Home Education Education Policy and Power-Sharing in Post-Conflict Societies: Lebanon, Northern Ireland, and Macedonia
A Proportional Curriculum
In contrast to the Taif Agreement, Macedonia’s Ohrid Agreement impacted history education only indirectly. An Albanian historian explained that with the expansion of education in the language of ethnic communities ‘it was logical to have something about their culture and history’ in the curri- cula.162 Thus, rather than simply recycling old content, the education minister convened a group of experts to fully revise the history curriculum.163
The ten-member curriculum drafting committee included educational specialists, university experts (including four Albanian-speaking academics) and representatives of the main political parties.164 Rapidly, controversy ensued on the number of lessons to be devoted to the history of ethnic Macedonians and of ethnic Albanians in the history curricula. Thus, Mladenovski summarises the process of curriculum drafting as a protracted negotiation over the percentage of the contents devoted to each community, a game of ‘give us 20 percent [of the curriculum], we’ll give you 30 percent [of the curriculum]’.165 Ultimately, ethnic Albanian members of the curriculum drafting committee approved a new curriculum only because, for the first time, it provided for lessons on the history of ethnic Albanians for students in Macedonian-, Turkish- and Serbian-language classes.166
The new history curriculum was introduced in primary schools and in academic secondary schools in 2005. History is part of Nature and
Society up to the fifth grade of primary school, and is taught as an independent subject from sixth grade upwards for 80 minutes a week in academic secondary schools.167 The 2005 curriculum is highly prescriptive: it includes the title, aims and contents of every lesson but the topics are often disjointed.168 Compared with its predecessor, it includes more lessons about non-majority ethnolinguistic communities. However, most of the curriculum focuses on ‘national history’, meaning the history of the territory of historic Macedonia until its partition during the Balkan wars, and the history of the Socialist Republic of Macedonia and its irre- dent lands in Greece and Bulgaria since 1913.169 Similar to the Lebanese 1968-1970 history curriculum, the Macedonian 2005 curriculum ends with Macedonia’s independence in 1991.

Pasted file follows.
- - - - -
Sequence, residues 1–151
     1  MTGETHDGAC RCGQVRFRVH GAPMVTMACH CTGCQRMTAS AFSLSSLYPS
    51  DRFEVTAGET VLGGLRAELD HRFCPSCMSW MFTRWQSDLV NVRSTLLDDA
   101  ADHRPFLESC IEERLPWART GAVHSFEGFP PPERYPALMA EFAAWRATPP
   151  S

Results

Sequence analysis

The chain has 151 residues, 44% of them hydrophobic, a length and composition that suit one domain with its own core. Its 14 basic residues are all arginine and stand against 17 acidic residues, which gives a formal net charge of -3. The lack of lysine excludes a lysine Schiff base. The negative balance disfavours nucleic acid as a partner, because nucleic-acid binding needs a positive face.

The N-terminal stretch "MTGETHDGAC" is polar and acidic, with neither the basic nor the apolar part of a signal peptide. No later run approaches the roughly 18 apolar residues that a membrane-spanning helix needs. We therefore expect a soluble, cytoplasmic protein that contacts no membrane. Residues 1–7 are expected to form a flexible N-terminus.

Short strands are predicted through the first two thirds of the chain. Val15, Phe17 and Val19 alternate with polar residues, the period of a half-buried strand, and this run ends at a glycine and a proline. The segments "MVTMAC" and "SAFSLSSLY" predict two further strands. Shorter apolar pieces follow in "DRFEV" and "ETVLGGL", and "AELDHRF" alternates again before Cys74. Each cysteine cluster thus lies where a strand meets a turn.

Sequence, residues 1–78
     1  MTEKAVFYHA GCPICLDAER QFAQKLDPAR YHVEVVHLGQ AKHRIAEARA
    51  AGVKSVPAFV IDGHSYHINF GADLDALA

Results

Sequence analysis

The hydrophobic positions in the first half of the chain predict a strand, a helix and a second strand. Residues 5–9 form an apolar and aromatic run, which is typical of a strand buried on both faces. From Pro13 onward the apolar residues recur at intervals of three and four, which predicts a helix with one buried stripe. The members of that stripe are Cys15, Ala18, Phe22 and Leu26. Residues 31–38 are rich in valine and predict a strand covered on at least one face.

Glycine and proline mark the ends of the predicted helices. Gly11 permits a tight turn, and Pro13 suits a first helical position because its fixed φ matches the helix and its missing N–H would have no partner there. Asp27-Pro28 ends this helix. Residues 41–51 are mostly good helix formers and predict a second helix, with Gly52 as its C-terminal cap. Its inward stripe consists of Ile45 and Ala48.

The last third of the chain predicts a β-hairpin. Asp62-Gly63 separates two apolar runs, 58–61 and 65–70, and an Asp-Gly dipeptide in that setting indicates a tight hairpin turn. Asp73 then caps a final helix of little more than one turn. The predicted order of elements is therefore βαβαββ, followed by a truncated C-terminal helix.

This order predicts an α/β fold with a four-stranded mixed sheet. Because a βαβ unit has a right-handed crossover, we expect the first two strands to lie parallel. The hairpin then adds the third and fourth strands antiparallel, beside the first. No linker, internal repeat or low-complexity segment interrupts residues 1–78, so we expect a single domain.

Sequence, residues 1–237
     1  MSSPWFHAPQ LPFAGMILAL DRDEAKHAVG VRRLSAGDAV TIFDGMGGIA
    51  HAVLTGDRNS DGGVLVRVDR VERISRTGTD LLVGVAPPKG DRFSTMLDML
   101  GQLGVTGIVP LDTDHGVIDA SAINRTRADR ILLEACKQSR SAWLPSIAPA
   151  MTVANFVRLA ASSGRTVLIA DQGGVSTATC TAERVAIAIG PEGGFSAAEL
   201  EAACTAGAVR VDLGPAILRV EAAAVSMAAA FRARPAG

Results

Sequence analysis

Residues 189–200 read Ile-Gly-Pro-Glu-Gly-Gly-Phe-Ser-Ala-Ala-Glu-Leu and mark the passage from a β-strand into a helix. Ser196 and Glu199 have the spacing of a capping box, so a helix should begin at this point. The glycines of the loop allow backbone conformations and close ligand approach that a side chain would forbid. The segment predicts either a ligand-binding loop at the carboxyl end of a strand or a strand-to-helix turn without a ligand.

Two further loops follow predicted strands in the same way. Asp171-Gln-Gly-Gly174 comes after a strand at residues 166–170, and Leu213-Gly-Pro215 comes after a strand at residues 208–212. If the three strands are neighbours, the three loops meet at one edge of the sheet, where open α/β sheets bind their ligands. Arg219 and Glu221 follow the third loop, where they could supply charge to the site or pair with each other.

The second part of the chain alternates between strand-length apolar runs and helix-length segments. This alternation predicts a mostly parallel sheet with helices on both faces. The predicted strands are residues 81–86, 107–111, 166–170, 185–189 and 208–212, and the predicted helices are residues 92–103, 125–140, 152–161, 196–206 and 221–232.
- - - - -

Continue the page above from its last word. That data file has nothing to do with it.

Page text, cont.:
The new curriculum and the new history textbooks were criticised on pedagogical grounds in four respects. First, the History Teachers’ Association of Macedonia complained that the curriculum was drafted behind closed doors, without involving primary and secondary school teachers. As a consequence, the language and activities prescribed are often too complex for students and generally require some prior knowledge of historical events.170 Second, the curricula paid little attention to historical skills such as analysis of primary sources, critical thinking, identification of the causes and consequences of events, interpretation of change and continuity and development of empathy.171 Third, history teachers were not offered training, despite the introduction of new contents on ethnic Albanian history in 2005. Thus, teachers, in classes of up to 40 pupils, still adopt a knowledge-based, mnemonic and chronological approach to history teaching, relying fully on the textbook.
Finally, the new history textbooks contained major factual mistakes.172 The inadequacy of teaching resources was exacerbated by teachers’ limited freedom of choice: since 2008 the state has published one history textbook for each language of instruction and distributed it for free in compulsory schools.173 The formal procedure for the adoption of the history textbook is unclear, and most institutions, including the Bureau of Educational Development (BoE), deny any role in their drafting and revision.174 It appears that the education minister issues calls for textbook proposals by independent groups of authors, evaluates them, and selects a proposal for each language of instruction. Author groups then write textbooks in a very short time with very little monitoring. Ethnic Albanian and ethnic Macedonian authors rarely cooperate in drafting books: different authors are tasked with the writing of the Albanian-language and of the Macedonian-language textbook, as books written by Macedonians would be ‘set aside’ in Albanian-language classes and vice versa.175